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Court Street Animal Hospital Vaccination Protocol for Dogs
Here at the Court Street Animal Hospital we take your pets' health very seriously. We strongly believe that preventative medicine is the key to your pets' long and healthy life. Vaccination against common and dangerous diseases is the foundation of any wellness program but recent, well respected and irrefutable studies have shown that for many pets yearly vaccination with some types of vaccines is not necessary. Though we strongly believe in the importance of vaccination we have adopted newer protocols which balance the need for immunity with the desire to take advantage of the full duration of protection conferred by every dose of vaccine. Below we present the improved vaccine protocol for your dog. Changes to this plan may be recommended based on your dogs' lifestyle and degree of exposure to risk.
Rabies: This deadly disease is readily transmitted to humans and Massachusetts state law mandates that all domestic animals be vaccinated regularly against it. Failure to comply with these laws can result in confiscation, quarantine or even destruction of your pet by the state. The canine Rabies vaccine may be given as infrequently as every three years. It is very important to not let your dog become overdue on this vaccine since the state makes no distinction between a dog that is one week or one year behind schedule. Also, dogs that come into contact with wild animals should have their immunity boosted following an exposure even if it has not been a full 3 years since their last vaccination.
Distemper (DHPP): This vaccine protects against the common, serious diseases Canine Distemper, Canine Viral Hepatitis, Canine Parvovirus, and Canine Parainfluenza. We recommend a series of three puppy boosters beginning at about 6-8 weeks and then given every 3-4 weeks until your puppy is greater than 14 weeks. Then we recommend a yearly vaccine at 1, 2 and 3 years of age. Thereafter we recommend that this vaccine be administered every three years (instead of yearly) for the rest of your dogs' life.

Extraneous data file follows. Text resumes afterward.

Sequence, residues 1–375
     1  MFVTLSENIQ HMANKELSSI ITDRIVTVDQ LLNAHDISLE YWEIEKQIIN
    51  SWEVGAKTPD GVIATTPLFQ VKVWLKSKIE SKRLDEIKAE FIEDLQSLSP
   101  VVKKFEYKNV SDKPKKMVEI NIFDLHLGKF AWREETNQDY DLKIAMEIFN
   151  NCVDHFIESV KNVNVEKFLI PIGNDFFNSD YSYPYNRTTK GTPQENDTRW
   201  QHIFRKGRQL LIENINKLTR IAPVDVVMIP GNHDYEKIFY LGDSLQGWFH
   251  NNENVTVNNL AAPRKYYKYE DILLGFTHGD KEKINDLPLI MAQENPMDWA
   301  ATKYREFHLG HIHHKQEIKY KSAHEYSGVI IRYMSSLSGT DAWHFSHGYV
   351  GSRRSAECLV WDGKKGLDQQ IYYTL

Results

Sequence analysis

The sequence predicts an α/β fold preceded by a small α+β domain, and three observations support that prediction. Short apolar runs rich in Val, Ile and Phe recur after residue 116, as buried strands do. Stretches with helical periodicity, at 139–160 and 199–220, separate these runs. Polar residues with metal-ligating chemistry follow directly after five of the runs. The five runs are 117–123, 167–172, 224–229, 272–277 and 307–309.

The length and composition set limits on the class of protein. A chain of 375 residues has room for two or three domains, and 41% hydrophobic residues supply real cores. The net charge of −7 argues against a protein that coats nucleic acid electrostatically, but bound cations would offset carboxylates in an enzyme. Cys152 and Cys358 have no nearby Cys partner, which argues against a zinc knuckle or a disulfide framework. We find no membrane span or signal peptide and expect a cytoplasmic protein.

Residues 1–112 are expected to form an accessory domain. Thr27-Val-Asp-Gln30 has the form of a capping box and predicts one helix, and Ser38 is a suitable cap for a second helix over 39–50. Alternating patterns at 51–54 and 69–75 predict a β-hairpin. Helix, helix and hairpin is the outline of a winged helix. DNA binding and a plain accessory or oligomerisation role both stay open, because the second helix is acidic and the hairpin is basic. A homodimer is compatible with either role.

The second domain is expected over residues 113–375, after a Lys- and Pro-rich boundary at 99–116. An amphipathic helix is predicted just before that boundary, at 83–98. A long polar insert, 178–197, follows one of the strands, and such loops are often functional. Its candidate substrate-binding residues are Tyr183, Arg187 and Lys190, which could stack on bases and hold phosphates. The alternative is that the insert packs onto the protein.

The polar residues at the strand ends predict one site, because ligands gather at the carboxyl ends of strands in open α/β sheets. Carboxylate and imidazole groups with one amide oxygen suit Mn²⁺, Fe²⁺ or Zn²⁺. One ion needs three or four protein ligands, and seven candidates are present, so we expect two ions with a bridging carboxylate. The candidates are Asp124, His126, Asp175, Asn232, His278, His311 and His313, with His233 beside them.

Lyme: This vaccine protects against the common disease transmitted through tick bites. This vaccine should be administered yearly to dogs with exposure to tick infested areas. The vaccine is very safe but does not provide complete protection. We strongly recommend that dogs receiving this vaccine also have a tick preventative such as Frontline applied to their skin monthly during the warm months of the year.
Bordatella (Kennel Cough): This is an intranasal (nose-drop) vaccine which protects against the highly infectious organism which causes Kennel Cough. Most boarding or "doggie day care" facilities will require that dogs receive this vaccine prior to entry. It is also strongly recommended for dogs that are groomed frequently or are frequent visitors to a dog park. This vaccine lasts only for 6 or 7 months so owners should plan ahead to insure that each administration of the vaccine will protect their pet for foreseeable potential future exposures.
Leptospirosis: This disease is often deadly to dogs, and is transmissible to humans where it can cause miscarriage in pregnant women. Current vaccines may provide immunity for less than a year so dogs with potentially high exposure may need more than yearly vaccination. Dogs that are frequently kenneled, attend dog shows, swim, hunt or have access to wildlife areas are at greater risk.
We recommend a fecal examination and any necessary deworming medications at every yearly visit for all dogs.